After 30 years of IVF, the rewards of treatment are still largely confined to industrialised countries and those who can afford it. Now, a Special Task Force of ESHRE has set about the immeasurable task of making fertility treatment more accessible to developing countries through a programme of pilot projects, professional awareness and involvement of government and non-governmental agencies.
The Task Force faces a huge challenge. According to a report just published in a special monograph of the journal Human Reproduction  even the most basic questions about infertility in developing countries cannot yet be answered: how should infertility be defined; how often does it occur; what is the burden-of-disease; what can be spent on health care; how cost-effective should IVF be in order to compete with other interventions . . . and so on.
However, if the task is great, the need is even greater. According to Professor Oluwole Akande from University College Hospital in Ibadan, Nigeria - who spoke at a press conference on Monday 7th July at 12.00 - infertility in developing countries raises problems beyond those known to developed nations. "In poor resource areas," he said, "the need for infertility treatment in general, and IVF in particular, is great. The inability to have children can create enormous problems, particularly for the woman. She might be disinherited, ostracised, accused of witchcraft, abused by local healers, separated from her spouse, or abandoned to a second-class life in a polygamous marriage."
The UN Population Division now estimates that 186 million women of reproductive age in developing countries (excluding China) are infertile, with more than 30% in many African countries unable to have children because of secondary infertility . Six countries in the world have primary infertility rates over 4% - all of them in sub-Saharan Africa, the highest in Cameroon (7.3%) and Central African Republic (10.5%).
The ESHRE Task Force, which is led by gynecologist Dr Willem Ombelet, of Genk, Belgium, proposes three levels of treatment, but its cornerstone is the provision of affordable IVF. Currently, one cycle of IVF treatment in Europe or the USA costs between US$ 5000 and 10,000. A system of low-cost IVF now being pilot-studied in Khartoum and Cape Town (and shortly in Arusha, Tanzania) aims to provide one cycle of IVF for less than $200.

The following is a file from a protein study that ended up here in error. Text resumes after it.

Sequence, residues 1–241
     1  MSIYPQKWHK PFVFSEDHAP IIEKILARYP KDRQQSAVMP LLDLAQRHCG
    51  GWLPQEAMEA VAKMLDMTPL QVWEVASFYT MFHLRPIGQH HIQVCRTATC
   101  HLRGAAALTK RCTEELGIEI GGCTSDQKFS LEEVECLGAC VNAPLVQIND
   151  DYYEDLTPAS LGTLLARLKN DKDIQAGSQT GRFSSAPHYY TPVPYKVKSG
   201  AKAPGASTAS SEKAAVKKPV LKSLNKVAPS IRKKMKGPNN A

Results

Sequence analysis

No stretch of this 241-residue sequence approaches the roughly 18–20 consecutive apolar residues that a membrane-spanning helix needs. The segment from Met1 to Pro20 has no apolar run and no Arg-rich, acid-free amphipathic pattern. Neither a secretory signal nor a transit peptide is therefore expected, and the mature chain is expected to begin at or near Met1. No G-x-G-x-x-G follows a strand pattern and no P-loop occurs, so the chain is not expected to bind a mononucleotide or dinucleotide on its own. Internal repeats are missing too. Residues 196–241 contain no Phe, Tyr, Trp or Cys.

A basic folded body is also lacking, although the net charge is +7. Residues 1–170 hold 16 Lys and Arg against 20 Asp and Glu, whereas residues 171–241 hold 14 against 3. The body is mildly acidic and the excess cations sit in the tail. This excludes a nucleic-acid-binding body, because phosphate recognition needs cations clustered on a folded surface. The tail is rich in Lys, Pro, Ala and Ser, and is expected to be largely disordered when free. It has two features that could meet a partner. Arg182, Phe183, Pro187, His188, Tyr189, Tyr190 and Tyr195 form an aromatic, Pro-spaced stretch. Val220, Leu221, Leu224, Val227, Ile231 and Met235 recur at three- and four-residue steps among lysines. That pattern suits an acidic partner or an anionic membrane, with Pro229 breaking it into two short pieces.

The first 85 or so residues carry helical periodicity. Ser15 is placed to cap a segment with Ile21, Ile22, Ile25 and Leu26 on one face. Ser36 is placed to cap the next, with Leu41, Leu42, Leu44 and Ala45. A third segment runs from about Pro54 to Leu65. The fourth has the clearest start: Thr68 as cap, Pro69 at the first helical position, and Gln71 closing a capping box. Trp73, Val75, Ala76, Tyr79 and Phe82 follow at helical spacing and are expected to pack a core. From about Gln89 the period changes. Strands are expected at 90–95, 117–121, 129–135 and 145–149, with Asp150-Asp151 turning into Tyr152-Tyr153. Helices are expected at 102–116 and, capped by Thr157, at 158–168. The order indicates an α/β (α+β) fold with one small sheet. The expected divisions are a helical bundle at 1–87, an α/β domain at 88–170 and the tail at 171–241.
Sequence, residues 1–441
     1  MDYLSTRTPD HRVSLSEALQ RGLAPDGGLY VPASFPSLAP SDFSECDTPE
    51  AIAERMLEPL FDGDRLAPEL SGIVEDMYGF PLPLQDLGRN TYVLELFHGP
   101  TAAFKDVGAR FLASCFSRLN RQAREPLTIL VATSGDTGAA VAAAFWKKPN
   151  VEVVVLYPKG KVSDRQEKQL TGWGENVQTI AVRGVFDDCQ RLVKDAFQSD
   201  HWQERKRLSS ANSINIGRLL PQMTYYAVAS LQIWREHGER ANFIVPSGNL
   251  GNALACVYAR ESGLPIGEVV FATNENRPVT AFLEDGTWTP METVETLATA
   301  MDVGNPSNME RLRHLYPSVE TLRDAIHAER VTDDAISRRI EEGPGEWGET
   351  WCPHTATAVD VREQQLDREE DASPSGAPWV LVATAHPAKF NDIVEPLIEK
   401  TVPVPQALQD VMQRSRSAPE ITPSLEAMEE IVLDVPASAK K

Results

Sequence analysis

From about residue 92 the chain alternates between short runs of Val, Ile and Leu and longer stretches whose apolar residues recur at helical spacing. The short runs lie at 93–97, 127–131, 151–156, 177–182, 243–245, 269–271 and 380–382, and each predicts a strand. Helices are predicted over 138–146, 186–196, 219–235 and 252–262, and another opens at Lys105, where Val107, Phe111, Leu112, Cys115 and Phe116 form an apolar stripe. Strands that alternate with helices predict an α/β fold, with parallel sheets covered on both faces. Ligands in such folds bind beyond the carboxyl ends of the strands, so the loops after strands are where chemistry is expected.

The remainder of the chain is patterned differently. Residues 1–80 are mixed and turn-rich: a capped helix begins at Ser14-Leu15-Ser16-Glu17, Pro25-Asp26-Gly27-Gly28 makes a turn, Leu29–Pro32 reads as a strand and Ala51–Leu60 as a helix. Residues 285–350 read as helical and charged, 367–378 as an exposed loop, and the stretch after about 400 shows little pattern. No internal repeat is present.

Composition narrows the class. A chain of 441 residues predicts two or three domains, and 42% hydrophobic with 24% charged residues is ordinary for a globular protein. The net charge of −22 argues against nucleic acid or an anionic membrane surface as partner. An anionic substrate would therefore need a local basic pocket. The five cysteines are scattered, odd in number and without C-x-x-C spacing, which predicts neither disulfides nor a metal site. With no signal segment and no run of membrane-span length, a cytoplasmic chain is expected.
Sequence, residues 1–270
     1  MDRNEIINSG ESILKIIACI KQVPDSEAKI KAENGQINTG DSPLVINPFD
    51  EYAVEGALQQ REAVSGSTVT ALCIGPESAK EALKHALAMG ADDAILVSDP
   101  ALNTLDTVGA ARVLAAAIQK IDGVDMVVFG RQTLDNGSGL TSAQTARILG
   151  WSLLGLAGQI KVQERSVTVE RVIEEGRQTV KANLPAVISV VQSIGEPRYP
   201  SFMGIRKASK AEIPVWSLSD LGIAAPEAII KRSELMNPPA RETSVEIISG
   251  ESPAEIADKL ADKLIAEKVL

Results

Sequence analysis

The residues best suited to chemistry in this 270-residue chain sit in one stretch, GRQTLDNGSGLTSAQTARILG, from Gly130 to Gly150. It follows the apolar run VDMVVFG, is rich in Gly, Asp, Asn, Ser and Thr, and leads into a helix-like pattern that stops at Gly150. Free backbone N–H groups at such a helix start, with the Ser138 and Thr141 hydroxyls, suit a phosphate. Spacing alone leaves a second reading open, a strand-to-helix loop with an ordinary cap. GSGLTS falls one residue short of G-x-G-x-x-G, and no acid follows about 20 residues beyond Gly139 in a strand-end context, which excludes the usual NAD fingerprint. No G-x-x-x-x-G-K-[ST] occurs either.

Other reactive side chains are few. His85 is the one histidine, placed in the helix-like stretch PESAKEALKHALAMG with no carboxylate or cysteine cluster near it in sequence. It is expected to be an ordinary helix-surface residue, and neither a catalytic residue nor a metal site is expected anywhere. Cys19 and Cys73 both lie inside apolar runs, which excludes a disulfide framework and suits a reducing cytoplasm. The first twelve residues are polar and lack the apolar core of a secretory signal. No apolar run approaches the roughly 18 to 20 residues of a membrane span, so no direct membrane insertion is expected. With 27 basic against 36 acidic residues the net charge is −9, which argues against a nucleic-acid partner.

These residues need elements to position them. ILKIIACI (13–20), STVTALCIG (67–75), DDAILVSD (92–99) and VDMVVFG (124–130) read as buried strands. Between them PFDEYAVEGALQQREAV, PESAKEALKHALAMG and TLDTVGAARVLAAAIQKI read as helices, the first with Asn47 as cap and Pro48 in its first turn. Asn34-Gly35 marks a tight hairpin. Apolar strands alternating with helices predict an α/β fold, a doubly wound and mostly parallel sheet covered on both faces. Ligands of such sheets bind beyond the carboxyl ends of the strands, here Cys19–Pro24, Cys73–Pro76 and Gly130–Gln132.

One of the instigators of the low-cost IVF scheme, Professor Luca Gianaroli from the SISMER Reproductive Medicine Unit, in Bologna, Italy, said: "It's a different approach to IVF. We will not be able to treat every type of infertility, but many women with tubal damage as a result of infection can be helped. We're looking at a low-cost scheme and low-cost baby." The scheme has been developed by The Low Cost IVF Foundation, which also aims to provide a complete start-up package of equipment for around $25,000.
The affordable IVF programme, as proposed by Gianaroli and the Foundation, represents level two of a three-level approach to treatment proposed by the task force: level one would offer investigation and IUI in a basic health setting (with semen analysis, hormone assays, follicular scanning and ovulation induction); level two would offer IVF (and diagnostic endoscopy) in a dedicated fertility clinic; and level three would offer ICSI in an advanced IVF unit (with cryopreservation). All three approaches would be developed around existing hospitals and clinics - as is now happening with the pilot schemes.
Said Ombelet: "A universally accessible treatment service is impossible in most developing countries, but a start can be made by integrating low cost treatments into existing family health services, where opportunities exist for contraception, health education, maternity and child care, prevention and treatment of STDs and HIV. We have to make a start, and this is how we're doing it."
But the real challenge, added Ombelet, lies in galvanising the various support agencies in the both the developed world and the developing countries, and that requires health economics data and the will to accommodate infertility treatment within the overstretched lists of healthcare priorities. "People feel uncomfortable talking about it, even indignant," he said. And that, he adds, has been his experience for the past 20 years. "That's why one of the most important aims of this ESHRE Task Force is to battle the silence that exists on the issue of infertility in most developing countries, even among the media and governments. Education in reproductive health is the message we have to take to the politicians, and we have to help them on this."
- A monograph covering the full proceedings of an expert meeting on "Developing Countries and Infertility", held in Arusha, Tanzania, in December 2007, and edited by Willem Ombelet is published this month by the journal Human Reproduction (doi:10.1093/humrep/den176).
- DHS Comparative Report No. 9. Infecundity, Infertility, and Childlessness in Developing Countries; see http://www.measuredhs.com/pubs/pdf/CR
The above story is based on materials provided by European Society for Human Reproduction and Embryology. Note: Materials may be edited for content and length.
- Habbema et al. Is affordable and cost-effective assisted reproductive technology in low-income countries possible? What should we know to answer the question? ESHRE Monographs, 2008; 2008 (1): 21 DOI: 10.1093/humrep/den203
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